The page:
Title: The List
I really enjoyed this book and would highly recommend it if you like dystopian teen fiction you need to read it. The basis for the book is that climate change killed most of the world off and a few select people who saw it coming prepared for it. These people are led by one man named 'Noa' who created a place called 'Ark' that is a sanctuary. Lots of cute nods to Noah's Ark and other biblical stories (without being preachy at all!). The big thing about this community of people is that they can only use 500 words to communicate. Thus, removing all unnecessary, emotional charged, or problematic words from language. Noa believes that words are cheap and the world would be better off if they didn't exist.
For now I've given this book 4 stars. I think there is a possibility that as I reflect on it more it might be worthy of 5 stars. My conflict there is that it's not quite as good as Hunger Games (but really what is). However I do believe it is written better than Divergent. The relationships between the people are more realistic. There is no insta-love (chemistry but not love) and the romance story is really on the side to the main story. It interferes very little with the plot and provides some extra motivation for our characters but nothing outrageous or annoying.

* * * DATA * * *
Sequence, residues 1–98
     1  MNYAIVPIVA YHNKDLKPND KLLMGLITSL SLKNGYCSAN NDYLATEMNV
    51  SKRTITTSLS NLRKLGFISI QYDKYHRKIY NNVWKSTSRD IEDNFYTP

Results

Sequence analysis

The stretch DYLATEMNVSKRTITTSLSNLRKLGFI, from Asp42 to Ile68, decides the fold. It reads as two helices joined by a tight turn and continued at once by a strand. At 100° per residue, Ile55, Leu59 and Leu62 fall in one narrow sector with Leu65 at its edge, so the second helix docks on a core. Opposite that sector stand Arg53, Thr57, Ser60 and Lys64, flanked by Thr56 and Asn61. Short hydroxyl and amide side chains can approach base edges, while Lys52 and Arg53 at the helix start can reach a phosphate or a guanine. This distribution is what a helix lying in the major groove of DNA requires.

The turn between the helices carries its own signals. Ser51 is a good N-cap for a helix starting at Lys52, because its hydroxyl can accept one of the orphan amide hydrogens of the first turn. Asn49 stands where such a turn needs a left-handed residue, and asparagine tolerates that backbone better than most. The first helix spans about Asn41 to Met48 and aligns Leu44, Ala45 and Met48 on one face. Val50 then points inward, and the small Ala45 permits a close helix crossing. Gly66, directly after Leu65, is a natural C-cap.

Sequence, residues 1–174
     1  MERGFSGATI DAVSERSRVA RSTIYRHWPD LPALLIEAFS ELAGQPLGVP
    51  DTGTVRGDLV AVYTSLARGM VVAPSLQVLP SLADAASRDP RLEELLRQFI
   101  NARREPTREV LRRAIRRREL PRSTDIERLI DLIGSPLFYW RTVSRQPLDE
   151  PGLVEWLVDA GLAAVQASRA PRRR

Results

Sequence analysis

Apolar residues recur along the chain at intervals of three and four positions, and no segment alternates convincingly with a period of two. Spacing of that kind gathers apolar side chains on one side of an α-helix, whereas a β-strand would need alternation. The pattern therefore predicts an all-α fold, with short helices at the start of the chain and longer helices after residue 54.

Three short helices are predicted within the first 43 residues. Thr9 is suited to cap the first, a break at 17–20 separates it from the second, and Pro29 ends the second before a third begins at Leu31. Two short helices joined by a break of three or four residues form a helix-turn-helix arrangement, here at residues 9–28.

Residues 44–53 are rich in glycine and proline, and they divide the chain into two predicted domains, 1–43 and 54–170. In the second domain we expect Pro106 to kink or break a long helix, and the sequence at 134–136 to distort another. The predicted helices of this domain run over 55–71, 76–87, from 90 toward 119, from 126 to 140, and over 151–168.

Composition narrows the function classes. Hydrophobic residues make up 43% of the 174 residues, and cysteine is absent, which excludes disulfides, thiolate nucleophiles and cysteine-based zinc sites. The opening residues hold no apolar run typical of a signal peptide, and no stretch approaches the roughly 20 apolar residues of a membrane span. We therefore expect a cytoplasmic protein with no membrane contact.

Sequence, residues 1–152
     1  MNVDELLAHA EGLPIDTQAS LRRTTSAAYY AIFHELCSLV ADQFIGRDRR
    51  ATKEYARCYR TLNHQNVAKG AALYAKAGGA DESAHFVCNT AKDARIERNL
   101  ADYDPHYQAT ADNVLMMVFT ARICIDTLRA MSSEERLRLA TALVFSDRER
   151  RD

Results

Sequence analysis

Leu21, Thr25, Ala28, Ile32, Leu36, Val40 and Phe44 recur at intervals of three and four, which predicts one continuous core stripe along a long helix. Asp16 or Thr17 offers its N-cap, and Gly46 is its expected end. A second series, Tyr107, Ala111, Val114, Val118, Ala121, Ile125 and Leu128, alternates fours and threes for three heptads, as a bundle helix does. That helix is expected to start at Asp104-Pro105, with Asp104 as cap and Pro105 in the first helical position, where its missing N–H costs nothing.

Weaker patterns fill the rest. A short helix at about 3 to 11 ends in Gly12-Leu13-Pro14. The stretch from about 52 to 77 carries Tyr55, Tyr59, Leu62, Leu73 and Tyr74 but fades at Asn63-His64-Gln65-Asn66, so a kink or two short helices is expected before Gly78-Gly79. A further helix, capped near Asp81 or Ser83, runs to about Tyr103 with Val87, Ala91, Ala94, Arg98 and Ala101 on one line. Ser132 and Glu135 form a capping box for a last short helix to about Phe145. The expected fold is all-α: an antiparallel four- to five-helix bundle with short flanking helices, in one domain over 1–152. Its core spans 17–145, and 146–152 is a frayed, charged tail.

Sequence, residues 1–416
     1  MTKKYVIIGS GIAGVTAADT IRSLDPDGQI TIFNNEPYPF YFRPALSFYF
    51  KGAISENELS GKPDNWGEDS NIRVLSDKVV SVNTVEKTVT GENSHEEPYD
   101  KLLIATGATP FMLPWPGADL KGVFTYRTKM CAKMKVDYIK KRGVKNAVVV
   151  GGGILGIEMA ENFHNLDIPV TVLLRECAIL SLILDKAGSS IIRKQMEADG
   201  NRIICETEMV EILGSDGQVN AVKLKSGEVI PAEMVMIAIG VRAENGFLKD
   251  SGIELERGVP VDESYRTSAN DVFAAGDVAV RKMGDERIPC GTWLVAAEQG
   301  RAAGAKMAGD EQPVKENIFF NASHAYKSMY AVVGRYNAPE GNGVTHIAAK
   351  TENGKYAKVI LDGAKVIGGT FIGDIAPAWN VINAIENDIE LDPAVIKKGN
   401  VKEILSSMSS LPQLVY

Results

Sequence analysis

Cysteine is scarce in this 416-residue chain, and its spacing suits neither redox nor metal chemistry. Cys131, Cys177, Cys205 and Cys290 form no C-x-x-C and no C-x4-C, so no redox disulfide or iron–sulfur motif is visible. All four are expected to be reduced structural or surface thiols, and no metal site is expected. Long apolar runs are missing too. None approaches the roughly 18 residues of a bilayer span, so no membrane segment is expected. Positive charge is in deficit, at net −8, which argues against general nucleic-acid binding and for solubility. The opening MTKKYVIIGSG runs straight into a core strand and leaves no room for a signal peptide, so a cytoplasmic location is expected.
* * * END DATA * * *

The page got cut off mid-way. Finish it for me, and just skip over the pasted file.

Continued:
The lead gal is an intelligent, responsible heroine that is a good role model for readers. She is a strong, yet cautious person that thinks through her decisions; and when she chooses to do crazy things she accepts that it's crazy but always provides her reasons for acting. I appreciate this as I believe it's realistic and reflective of our real people think. I don't want to say too much about any of the characters or the plot because I believe that part of the enjoyment in dystopian literature is to have the reveals unravel as you read.
There are some science elements that are fictional in The List. I was disappointed to learn that Nicene isn't a real thing (in any form). Yet I believe this really shows how truly creative Patricia Forde is. She's created a world that feels like it could be our world in the not-so far future.
There are subtle references that I believe were nods to The Giver and other dystopian fiction. I liked this respectful way of including elements of other stories we all know and love. There are things that Forde decides not to touch on (ie: reproduction, death, property ownership, etc.); but I actually think it was nice to focus on language and intelligence as the key to this dystopian society.
Overall, thinking of the teen books I've read that were published this year, this would easily be in my top 5 teen reads of 2017. It certainly deserves a place on my bookshelf and I will be looking to get my very own print copy to oogle on the shelf.
I will definitely be looking for more from Patricia Forde.
Please note: I received an eARC of this book from the publisher via NetGalley. This is an honest and unbiased review.